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Distortion or ankle fracture? How to recognize it and what to do

January 1, 2018


Thousands of people suffer from ankle trauma every day, more frequently during sports activities such as basketball, tennis, football, volleyball and motorcycling, but not uncommon while performing daily activities such as walking down the stairs or walking. Although they concern the same joint, fracture and ankle distortion are traumas of different severity, often difficult to distinguish by the non-experienced, and sometimes with similar symptoms but very different treatments – explains Dr. Lara Castagnetti, osteopath and specialist in Physical and Rehabilitation Medicine at Humanitas. The common symptoms in both traumas, which create more confusion among non-experienced people, are:


– Swelling and pain: in case of distortion, only the outer part of the ankle is affected; in case of fracture, the entire ankle is affected.

– Difficulty walking: if there is a fracture, the difficulty also concerns placing the weight of the body on the fractured ankle;

In case of distortion with tendon lesion, there is more of a feeling of instability.


Characteristic signs of fracture are also the deformation of the joint and the feeling of “breaking” that can also appear along with a sound of “explosion” of the bone; in case of distortion, however, these signs are not present, but a bruise may appear. If not treated properly, the ankle may not heal and returning to walking without pain can be difficult. Above all, underestimating distortions and not treating them properly can lead to chronic ankle instability, repeated distortions, or damage to tendons and cartilage resulting in increased risk of ankle arthrosis.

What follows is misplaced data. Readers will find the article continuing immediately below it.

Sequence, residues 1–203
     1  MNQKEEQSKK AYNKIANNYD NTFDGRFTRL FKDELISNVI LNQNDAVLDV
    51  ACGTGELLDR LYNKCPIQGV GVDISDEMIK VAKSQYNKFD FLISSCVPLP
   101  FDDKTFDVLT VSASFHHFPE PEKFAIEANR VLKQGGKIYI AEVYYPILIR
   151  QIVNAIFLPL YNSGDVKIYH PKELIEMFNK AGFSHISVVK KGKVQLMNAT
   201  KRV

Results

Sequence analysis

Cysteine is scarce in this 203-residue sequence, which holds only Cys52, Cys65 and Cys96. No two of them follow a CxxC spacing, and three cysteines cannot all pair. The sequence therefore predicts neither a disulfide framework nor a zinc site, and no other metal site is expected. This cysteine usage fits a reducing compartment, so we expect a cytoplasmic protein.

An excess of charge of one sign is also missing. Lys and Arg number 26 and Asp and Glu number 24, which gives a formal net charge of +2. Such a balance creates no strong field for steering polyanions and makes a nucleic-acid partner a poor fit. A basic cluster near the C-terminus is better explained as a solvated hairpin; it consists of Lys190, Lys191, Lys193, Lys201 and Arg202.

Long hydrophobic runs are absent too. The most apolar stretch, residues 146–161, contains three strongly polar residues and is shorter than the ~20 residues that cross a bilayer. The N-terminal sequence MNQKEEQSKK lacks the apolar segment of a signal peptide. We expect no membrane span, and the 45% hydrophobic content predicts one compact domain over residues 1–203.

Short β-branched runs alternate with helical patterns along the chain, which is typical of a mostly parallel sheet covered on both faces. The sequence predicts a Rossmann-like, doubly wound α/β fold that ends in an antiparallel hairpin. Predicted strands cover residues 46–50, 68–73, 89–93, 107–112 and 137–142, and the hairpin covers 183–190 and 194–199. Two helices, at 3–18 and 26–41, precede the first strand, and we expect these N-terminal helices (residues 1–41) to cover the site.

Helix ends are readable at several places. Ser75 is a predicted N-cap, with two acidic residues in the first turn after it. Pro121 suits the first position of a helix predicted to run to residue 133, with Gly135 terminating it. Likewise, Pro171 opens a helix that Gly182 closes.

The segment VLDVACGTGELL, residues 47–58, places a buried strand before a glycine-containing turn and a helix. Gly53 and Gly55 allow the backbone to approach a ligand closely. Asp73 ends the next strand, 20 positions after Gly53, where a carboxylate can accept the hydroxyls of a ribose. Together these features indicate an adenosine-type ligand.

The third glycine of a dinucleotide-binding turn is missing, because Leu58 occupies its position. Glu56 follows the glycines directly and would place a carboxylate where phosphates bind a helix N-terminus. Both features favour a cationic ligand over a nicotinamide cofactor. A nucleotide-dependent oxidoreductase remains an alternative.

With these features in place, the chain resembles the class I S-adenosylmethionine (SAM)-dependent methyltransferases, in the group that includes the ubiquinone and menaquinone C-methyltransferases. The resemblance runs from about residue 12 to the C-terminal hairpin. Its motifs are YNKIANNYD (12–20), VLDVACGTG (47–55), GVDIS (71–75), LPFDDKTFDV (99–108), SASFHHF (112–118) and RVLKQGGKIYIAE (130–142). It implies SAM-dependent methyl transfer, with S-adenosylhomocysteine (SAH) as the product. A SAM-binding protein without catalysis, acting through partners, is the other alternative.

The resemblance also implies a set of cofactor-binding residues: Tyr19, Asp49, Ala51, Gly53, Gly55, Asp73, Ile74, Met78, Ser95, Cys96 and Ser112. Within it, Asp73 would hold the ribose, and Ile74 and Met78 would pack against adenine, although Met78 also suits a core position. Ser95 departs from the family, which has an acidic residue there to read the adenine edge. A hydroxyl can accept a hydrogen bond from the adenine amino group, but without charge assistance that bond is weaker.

What to do in case of ankle trauma?

Called R. I. C. E. in English, these are first aid actions to be implemented while waiting for a doctor, in case you suspect a fracture or distortion of the ankle:


R (Rest): after the trauma, avoid loading the weight of the body on the traumatized ankle, i.e. not to walk.


I (Ice): for the whole day of the trauma, place ice on the ankle in cycles of 20 minutes.


C (Compression): Cover the skin with a bandage or cloth to avoid placing the ice directly on the skin. Rely instead on expert hands, or wait to go to First Aid, for the bandage to be postioned around the ankle to reduce swelling.


E (Elevate): Hold foot and ankle up, possibly above the heart level: in a seated or lying position, place a cushion under the foot.

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